Many people addicted to opioids are undergoing short-term detoxification, instead of receiving long-term maintenance treatment, according to a new report. In the journal Health Affairs, eight experts write this means many people are not receiving adequate opioid addiction treatment.
Category results for "Healthcare"
The number of women receiving treatment for substance use disorders could rise under changes that will be implemented as part of health care reform, according to an expert at UCLA.
As a growing number of doctors use urine drug tests in an effort to detect prescription drug abuse in their patients, they face ethical questions about the tests, according to The New York Times.
The impact of menthol cigarettes on young smokers is alarming, particularly when one considers the health consequences of a lifetime of smoking, says David Dobbins of the American Legacy Foundation.
A government health panel on Monday recommended heavy smokers ages 55 to 80 receive annual screenings for lung cancer with low-dose CT scans, The New York Times reports.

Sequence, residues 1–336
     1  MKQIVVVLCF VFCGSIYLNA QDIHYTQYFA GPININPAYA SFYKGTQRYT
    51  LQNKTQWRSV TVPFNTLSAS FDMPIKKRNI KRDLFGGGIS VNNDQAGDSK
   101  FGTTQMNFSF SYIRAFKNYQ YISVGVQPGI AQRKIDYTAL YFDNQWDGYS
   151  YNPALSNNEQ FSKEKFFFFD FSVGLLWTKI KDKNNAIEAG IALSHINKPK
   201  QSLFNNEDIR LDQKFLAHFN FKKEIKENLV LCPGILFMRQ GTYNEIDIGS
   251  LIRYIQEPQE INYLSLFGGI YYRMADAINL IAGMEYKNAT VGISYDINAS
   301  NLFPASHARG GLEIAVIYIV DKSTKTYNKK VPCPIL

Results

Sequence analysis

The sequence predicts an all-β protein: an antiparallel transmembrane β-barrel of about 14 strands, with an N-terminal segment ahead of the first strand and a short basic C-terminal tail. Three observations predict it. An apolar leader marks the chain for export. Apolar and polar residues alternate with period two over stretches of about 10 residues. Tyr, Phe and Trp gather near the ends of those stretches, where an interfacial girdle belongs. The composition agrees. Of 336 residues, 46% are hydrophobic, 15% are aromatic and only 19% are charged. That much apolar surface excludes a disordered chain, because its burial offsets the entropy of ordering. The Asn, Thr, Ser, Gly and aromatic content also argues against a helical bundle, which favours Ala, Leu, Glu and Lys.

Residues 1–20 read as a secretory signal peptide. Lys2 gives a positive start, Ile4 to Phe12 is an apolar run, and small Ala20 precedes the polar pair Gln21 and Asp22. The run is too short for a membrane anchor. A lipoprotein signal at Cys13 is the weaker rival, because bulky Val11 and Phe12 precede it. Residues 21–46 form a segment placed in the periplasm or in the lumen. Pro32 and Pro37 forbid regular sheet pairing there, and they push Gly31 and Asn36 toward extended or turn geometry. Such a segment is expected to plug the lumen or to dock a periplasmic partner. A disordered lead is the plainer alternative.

Pediatricians can help parents quit smoking, a new study suggests.
Sleep problems and substance use disorders often go together, according to a specialist who says many people continue to have insomnia even after they are able to successfully stop abusing drugs and alcohol.
Recent media reports paint emergency physicians as the source behind the recent dramatic rise in prescription drug abuse. We aren’t. Despite certain perceptions to the contrary, we actually account for a very low percentage of all narcotics prescribed, explains a physician from the American College of Emergency Physicians.
An increasing number of doctors who treat chronic pain are requiring their patients who take opioids to submit to urine drug tests. The doctors are trying to avoid being held responsible if patients die from painkiller overdoses, The Wall Street Journal reports.
The California Department of Health Care Services announced an investigation of 16 substance abuse treatment centers for patients on Medi-Cal, the state’s insurance plan for people on welfare and other low-income residents. The centers are suspected of fraud and hiring providers who have felonies on their records.